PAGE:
too much sleep

  1. A wake-up call for bad sleep habits

    Judging by myself and my patients -- not to mention the bags under the eyes of many of the people I meet each day -- I'd say the biggest problem when it comes to sleep is that we don't get nearly enough of it.

    But believe it or not, it's possible to go too far in the other direction as well. Like all good things, you can get way too much sleep -- and too much sleep can be every bit as dangerous as too little.

    One new study spells out the risks I've seen before: More than eight hours of sleep a night will boost your risk of chest pain and coronary artery disease.

    Of course, the study also confirms that those of us who don't get enough should hit the hay a little earlier -- because less than six hours a night can double your risk of heart attack or stroke.

    Too little sleep can also boost the odds of congestive heart failure by 70 percent, according to the study of more than 3,000 people ages 45 and up presented at a recent American College of Cardiology conference.

    That means the sweet spot for sleep -- for most people anyway -- is between six and eight hours a night, or right around the seven nightly hours I've seen recommended from other studies.

    One of those studies found that less than six and more than eight hours can boost the risk of cognitive problems. Too little sleep leads to problems in reasoning, vocabulary, and global cognition, while too much sleep can actually hurt up to six cognitive functions, according to British researchers.

    Another study in 2010 looked at even more extreme levels of sleep, and found even more extreme results. Less than five hours a night doubles the risk of angina, heart disease, heart attack, or stroke -- while nine or more boosts the risk of cardiovascular disease, heart attack, and stroke.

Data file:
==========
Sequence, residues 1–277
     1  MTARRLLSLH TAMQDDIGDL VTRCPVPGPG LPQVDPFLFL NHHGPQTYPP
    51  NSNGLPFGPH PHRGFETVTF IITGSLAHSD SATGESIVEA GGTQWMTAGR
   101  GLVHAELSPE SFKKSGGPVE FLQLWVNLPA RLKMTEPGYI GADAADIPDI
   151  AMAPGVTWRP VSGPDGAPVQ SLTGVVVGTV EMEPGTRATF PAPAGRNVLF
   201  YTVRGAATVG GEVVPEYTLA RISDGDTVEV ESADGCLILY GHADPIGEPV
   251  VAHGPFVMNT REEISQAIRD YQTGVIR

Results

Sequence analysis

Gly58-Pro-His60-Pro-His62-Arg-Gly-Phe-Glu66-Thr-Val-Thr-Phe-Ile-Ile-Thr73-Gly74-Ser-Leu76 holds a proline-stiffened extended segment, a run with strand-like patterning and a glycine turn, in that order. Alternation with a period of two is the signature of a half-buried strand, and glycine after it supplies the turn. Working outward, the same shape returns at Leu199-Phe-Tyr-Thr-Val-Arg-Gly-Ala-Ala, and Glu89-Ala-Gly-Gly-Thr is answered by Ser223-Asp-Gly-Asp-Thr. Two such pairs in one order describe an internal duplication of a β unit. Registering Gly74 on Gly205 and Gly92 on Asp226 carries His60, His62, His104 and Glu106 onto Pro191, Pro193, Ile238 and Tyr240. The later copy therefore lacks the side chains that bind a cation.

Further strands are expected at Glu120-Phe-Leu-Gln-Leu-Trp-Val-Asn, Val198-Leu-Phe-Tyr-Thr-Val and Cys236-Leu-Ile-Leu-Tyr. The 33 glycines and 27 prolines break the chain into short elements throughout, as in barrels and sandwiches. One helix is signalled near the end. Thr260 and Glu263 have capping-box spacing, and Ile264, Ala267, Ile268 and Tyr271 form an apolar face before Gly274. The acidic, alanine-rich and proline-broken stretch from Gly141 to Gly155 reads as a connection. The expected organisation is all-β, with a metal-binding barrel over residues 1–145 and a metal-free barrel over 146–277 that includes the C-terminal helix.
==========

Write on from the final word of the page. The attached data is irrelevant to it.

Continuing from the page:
What does this mean for you? Get the right amount of sleep, of course.

    Just don't turn to meds for help. Common sleep drugs can increase the risk of a number of health problems, up to and including death itself.

  2. Sleep problems linked to brain problems

    Nothing feels quite as good as sleeping in... especially after a few too many late nights in a row.

    But while it's great to catch a few extra winks every now and then, too much sleep can actually be every bit as bad for you as too little over the long run.

    And now, a new study finds that both undersleepers and oversleepers alike could be snoozing their way to an early mental decline.

    British researchers looked at data on 5,431 office workers who were between the ages of 35 and 55 when the study (the famous Whitehall II) began in 1985. These volunteers were quizzed about their sleep habits once between 1997 and 1999, and again between 2003 an 2004.

    Then, they were given cognitive tests.

    The women who did best on those tests got an average of seven hours of sleep a night, while second-best went to those who got six.

    For men, the precise number of hours didn't matter so much--they did the same as long as they got between six and eight hours a night.

    And when those sleep habits changed, the real problems began.

    The researchers found that volunteers who went from normal sleep during the first survey to too much or too little in the second did so poorly on cognitive tests that it was as if they had suffered between four and seven extra years of aging.

    The researchers say those who got too little sleep had lower scores in reasoning, vocabulary, and global cognitive status.

    Those who got too much, on the other hand, flunked up to six cognitive tests when compared to those who had the same sleep habits all along.

    That's bad enough--but that's not even close to the worst problems that have been linked to poor sleep habits. Other studies have found that people who sleep too little or too much face heart problems, stroke, and even an increased risk of death itself.

    One recent study found that men with insomnia were four times more likely to die during the study period than men who slept well. I have all the details here-- along with a few tips that can help anyone sleep better.

    Consider this your wake-up call.

  3. The perfect time to sleep

    A new study finds that people who sleep seven hours a night have a lower risk for common health problems.

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